Stream flowing into one curved or sinuous channel in the Drentsche Aa area in the Netherlands (Source: National Park Drentsche Aa).
Insights for river restoration on the formation and lateral activity of rivers with low-erosive power.
In restoration projects in lowland areas such the Netherlands, rivers and streams flowing into one sinuous or curved channel are often seen as “natural” and used as reference. However, due to its low erosive power, it is unknown when and how these river or streams took that shape and whether they laterally migrate in the past. Therefore, predictions over the future changes in the river shape should consider how the rivers evolve over a longer time scale or geological period. The alignment of restoration projects with this past behaviour is expected to reduce maintenance efforts due to the undesired lateral migration.
Key goals: Fundamental understanding Innovative monitoring
Top: Surveyance of field deposits with sophisticated (Ground penetrating radar) and traditional equipment to sample fluvial deposits.
Bottom: Combination of historical maps and soil type dating of fluvial deposits.
To better estimate how will the river migrate after a restoration project takes place, we chose streams and river locations that in the past had either limited or drastic changes in their lateral channel activity. We mapped the profile of fluvial deposits over the last 12.000 years by combining multiple methods for the surveyance and dating the geological period of deposited sediments. For a river channel that changed from laterally stable to meandering river approximately 500 years ago, we further reconstructed the historical discharge by looking at the relation between the hydraulics and the history of the channel and floodplain formation both from available maps and the surveyance of fluvial deposits.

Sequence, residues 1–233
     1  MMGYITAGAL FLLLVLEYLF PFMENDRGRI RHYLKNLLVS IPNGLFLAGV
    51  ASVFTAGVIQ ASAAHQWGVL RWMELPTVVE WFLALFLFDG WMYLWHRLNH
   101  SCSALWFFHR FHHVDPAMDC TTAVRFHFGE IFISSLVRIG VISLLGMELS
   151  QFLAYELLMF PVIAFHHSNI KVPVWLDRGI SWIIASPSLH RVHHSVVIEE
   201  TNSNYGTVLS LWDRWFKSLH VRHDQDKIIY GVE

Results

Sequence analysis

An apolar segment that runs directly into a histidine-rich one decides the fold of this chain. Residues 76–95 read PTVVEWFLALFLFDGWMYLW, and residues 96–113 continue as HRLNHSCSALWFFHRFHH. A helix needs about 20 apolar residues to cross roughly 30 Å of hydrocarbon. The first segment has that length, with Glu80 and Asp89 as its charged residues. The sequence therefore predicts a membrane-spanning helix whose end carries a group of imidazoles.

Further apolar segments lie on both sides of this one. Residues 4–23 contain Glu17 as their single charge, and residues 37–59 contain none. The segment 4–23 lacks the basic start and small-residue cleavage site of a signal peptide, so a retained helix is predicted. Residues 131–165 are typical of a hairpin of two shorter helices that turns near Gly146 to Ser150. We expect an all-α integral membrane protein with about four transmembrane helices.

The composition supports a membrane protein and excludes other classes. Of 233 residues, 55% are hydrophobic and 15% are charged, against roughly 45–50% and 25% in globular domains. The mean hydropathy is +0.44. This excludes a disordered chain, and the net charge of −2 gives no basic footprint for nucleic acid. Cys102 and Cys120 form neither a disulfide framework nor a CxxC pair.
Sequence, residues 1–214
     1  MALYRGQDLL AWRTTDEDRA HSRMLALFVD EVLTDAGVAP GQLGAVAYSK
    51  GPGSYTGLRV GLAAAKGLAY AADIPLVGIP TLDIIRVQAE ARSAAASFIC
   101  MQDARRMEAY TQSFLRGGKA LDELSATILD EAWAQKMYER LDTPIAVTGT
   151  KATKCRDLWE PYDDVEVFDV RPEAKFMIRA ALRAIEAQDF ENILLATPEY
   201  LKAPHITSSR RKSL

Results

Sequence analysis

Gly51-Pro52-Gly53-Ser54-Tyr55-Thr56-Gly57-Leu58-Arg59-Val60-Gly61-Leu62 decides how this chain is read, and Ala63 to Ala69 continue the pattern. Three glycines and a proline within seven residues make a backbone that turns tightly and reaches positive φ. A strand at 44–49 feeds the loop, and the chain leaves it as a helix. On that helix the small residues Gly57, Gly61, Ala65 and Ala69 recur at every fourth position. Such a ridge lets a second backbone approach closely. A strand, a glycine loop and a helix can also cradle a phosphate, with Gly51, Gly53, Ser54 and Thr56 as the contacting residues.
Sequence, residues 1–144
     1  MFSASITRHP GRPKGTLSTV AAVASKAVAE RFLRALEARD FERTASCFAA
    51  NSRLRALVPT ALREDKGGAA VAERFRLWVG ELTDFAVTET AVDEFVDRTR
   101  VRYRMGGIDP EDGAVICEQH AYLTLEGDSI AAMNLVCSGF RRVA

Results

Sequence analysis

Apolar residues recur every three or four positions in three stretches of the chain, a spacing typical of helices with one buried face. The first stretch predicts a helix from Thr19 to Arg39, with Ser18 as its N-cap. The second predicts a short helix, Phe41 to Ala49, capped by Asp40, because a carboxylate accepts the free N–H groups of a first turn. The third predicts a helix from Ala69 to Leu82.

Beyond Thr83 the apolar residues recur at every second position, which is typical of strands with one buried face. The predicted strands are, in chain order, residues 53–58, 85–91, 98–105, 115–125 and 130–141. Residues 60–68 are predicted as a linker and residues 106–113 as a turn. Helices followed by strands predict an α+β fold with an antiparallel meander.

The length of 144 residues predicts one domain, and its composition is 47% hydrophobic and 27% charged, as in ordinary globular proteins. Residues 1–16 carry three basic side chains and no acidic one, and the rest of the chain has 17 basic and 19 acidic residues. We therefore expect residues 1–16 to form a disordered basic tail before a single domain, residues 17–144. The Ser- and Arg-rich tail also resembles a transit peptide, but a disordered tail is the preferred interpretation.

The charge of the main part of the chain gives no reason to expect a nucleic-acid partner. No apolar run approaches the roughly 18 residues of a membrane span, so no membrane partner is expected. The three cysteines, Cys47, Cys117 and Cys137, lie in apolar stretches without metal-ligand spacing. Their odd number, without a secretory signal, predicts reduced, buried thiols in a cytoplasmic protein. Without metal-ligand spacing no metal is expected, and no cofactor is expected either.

For whom and where?
- Organizations that are interested in restoring the natural flowing conditions of rivers and streams in the Netherlands and abroad;
- Project managers of restoration projects that are interested to predict the lateral activity of rivers to adjust their design or plan maintenance efforts.
Data-collection methods: Field survey measurements Historical approach
Temporal scale: Periods of Earth history
Application and findings
Our findings show how low-energy rivers have functioned in the past, which provide valuable insight in how restored low-energy rivers might function in the future. We found that low-energy rivers are less mobile than often believed, and bends are formed either by very slow processes (oblique aggradation in peatland areas) or in a very short time scale after human pressure on the land use. Many low-energy rivers tend to constrain their own planform within their erosion-resistant deposits, causing them to be laterally stable. Water managers have told that they use these historical insights in their new design for the restored rivers. They also make use of the corings and reconstructed palaeodischarges to compare them with the current river system. For further details see the list of available research outputs here.